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Current Windows Phone 7.x users will have to make do with Windows Phone 7.8

Microsoft may be down in the single-digits when it comes to worldwide smartphone market share, but the company is not going to sit by on the sidelines while the competition from Apple and Google pass it by. Today at the Windows Phone Summit, Microsoft announced the follow-up to Windows Phone 7.5 -- Windows Phone 8.

While Windows Phone 7.x is based on Windows CE, Windows Phone 8 shares its NT kernel with PC-oriented Windows 8 operating system. Thanks to the shared codebase, developers won't have to do "double duty" developing programs for Windows Phone 8 and Windows 8.


Joe Belfiore, corporate vice president of Windows Phone, introduces Windows Phone 8
 
Windows Phone 8 will support dual-core processor at launch, and quad-core support will come at a later date (Windows Phone 8 can theoretically support up to 64 cores
). In addition, Windows Phone 8 will support three screen resolutions: 800x480, 1280x768, and 1280x720. Although we question the need for both of the latter screen resolutions, we'll give Microsoft the benefit of the doubt on this one.

Other features include microSD support for removable storage (movies, videos, photos, apps), VoIP/Skype integration, in-app purchases, Internet Explorer 10 (complete with anti-phising technology), native NFC support, and a mobile Wallet Hub to store credit/debit cards, and deals/offers, (it sounds quite a bit like Apple's Passbook from iOS 6). Nokia's NAVTEQ mapping technology will also be built-in to Windows Phone 8 including offline maps. Another new feature, Tap+Send, allows users to "bump" phones to share data. However, we've seen this functionality before in Android devices.


Customizable tiles in Windows Phone 8
 
The biggest change announced is a revamp of the Start screen and the Live Tiles system. Microsoft is now giving users the ability to completely control the Start screen and resize tiles to make their phones more personal. For example, if the Pictures hub is most important to you, you can resize the tile to make is take a huge portion of your screen while at the same time reducing the size of tiles that don't interest you as much.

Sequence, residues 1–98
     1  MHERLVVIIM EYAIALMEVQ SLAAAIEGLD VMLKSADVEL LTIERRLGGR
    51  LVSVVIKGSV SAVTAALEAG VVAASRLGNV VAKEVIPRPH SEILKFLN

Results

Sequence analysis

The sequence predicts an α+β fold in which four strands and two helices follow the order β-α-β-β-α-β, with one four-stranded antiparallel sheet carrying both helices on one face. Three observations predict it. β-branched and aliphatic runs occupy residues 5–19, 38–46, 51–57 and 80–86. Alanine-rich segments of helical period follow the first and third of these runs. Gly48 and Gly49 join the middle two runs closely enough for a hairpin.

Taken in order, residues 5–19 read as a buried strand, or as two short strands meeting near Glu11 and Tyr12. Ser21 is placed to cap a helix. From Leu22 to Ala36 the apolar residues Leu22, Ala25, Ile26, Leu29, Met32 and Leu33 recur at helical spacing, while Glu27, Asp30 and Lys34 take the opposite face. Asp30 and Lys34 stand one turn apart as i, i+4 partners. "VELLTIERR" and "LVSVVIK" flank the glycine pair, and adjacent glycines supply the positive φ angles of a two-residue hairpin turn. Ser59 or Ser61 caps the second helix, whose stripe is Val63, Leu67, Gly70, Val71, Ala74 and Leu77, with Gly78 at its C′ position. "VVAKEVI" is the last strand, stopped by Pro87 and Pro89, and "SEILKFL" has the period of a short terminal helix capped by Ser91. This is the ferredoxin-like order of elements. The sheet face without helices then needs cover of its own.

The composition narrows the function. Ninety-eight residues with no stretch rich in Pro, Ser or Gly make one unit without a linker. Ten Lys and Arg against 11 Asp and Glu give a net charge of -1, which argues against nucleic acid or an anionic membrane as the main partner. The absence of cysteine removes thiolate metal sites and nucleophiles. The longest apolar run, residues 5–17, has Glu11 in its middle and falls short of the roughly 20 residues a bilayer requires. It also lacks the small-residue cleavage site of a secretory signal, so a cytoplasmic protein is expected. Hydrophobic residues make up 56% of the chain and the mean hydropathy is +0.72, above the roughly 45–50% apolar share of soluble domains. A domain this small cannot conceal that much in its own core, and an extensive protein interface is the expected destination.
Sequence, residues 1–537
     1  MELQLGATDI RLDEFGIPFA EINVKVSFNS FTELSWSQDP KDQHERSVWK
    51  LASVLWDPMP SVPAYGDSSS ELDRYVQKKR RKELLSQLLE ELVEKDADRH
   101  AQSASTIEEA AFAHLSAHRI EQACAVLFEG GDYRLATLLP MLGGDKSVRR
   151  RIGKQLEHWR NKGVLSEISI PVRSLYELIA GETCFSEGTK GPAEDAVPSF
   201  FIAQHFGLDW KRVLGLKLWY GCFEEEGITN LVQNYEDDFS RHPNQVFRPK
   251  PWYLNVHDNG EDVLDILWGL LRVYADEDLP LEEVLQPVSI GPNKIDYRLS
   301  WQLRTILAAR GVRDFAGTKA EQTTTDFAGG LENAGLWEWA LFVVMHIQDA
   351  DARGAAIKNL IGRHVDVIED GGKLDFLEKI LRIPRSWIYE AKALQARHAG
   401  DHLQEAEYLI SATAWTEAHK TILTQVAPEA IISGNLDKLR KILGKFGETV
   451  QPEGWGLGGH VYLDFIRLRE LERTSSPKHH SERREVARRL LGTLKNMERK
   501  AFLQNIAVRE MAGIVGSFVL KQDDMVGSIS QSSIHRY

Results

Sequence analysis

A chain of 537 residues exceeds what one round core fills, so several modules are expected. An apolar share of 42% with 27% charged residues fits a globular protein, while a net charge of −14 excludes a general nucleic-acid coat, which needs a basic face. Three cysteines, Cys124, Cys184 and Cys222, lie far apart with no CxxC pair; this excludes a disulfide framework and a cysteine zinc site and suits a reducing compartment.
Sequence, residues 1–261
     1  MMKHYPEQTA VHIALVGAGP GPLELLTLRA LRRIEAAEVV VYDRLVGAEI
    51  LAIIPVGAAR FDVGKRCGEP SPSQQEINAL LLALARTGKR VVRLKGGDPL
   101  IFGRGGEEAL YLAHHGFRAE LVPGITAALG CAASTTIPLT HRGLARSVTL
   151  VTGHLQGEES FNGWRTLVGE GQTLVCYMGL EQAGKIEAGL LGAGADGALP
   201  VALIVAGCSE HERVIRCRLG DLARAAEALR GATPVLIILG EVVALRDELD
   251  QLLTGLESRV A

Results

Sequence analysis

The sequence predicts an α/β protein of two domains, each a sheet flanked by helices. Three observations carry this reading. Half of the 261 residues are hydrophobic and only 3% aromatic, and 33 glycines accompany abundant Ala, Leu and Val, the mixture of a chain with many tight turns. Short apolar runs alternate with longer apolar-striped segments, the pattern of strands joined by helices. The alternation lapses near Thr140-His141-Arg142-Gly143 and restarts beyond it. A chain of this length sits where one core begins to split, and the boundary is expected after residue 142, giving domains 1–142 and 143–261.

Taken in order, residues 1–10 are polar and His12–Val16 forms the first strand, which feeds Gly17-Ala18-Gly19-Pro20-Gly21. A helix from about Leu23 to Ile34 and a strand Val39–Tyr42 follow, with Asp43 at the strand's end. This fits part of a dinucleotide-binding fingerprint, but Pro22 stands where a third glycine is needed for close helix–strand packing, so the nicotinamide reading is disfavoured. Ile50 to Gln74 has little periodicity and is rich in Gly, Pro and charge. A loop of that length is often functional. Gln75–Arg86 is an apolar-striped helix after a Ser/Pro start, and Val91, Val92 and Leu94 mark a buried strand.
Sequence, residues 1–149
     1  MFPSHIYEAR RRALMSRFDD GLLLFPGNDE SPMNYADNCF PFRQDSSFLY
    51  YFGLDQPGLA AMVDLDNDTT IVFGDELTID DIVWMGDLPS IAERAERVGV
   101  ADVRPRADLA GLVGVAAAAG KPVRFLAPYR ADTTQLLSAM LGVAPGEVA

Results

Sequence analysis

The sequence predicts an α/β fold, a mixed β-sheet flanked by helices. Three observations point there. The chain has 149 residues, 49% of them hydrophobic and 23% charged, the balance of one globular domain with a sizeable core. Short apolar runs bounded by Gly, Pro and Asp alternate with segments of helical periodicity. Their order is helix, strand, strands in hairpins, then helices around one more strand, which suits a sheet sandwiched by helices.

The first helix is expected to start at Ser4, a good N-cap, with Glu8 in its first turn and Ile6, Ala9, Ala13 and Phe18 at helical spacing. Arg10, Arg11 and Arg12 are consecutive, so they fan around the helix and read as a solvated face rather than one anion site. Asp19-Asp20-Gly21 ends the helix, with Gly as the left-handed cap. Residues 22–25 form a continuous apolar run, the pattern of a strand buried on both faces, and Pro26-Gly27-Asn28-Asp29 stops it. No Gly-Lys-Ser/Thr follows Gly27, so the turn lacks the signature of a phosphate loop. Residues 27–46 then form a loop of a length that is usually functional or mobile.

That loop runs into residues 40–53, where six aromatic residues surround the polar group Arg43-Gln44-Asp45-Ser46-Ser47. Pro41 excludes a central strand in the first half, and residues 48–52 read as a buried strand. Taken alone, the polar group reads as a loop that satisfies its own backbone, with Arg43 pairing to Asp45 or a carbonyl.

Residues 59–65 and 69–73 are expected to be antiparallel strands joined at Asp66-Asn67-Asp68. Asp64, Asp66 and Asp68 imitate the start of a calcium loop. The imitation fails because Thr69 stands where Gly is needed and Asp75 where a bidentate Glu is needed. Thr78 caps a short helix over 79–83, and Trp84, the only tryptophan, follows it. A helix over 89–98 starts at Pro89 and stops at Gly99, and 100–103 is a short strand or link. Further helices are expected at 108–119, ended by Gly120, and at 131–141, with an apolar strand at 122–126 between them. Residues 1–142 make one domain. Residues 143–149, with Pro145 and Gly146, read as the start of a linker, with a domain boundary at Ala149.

Microsoft also made it official that current smartphones running Windows Phone 7.x will not be getting an upgrade to Windows Phone 8. While some functionality will make its way into Windows Phone 7.8 (like the new customizable Start screen), you'll have to purchase a brand new smartphone to get the full Windows Phone 8 experience.

Source: Microsoft



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RE: Right
By geddarkstorm on 6/20/2012 4:00:44 PM , Rating: 2
Well, now we are getting conflicting information. We're told at release WP8 cannot support quad cores, and can only do dual cores, and that it will take an update (like WP7's 7.5 update which brought much needed advancements) to unlock quad core support.

So, why is this, if it can theoretically support up to 64 cores out of the box? MS is just limiting its hardware possibilities for no gain, it seems.

Something tells me the WP8 kernel isn't identical to the Windows 8 RT kernel; which I think it should have been. No reason not to just stick RT straight on a phone. Nothing prevents that, so why didn't MS do that?

This all seems like a case of the right hand not talking to the left hand.


RE: Right
By SilentSin on 6/20/2012 4:40:19 PM , Rating: 2
It does seem like WinRT (or WART if you please) is still half baked. Just look for the videos of all the Surface freezes at the launch event or videos of the WART launch tablets from Computex. That happened on a variety of platforms, which brings up your point.

MS limited phones severely with WP7 but it was more for platform control than anything and all WP7 devices I've used seemed very stable. I think WP8 and WART will have some serious teething problems since this will be the first dive into vast array of ARM SoCs out there. I hope it's nothing worse than what Google went through with the first few iterations of Android tho.

If we are to believe the presentation than coding for WP8 is the same as WART, you just have to change a build target or something which indicates the kernel is very closely related. I guess we will have to wait and see if that is really true once the SDK is in the wild.


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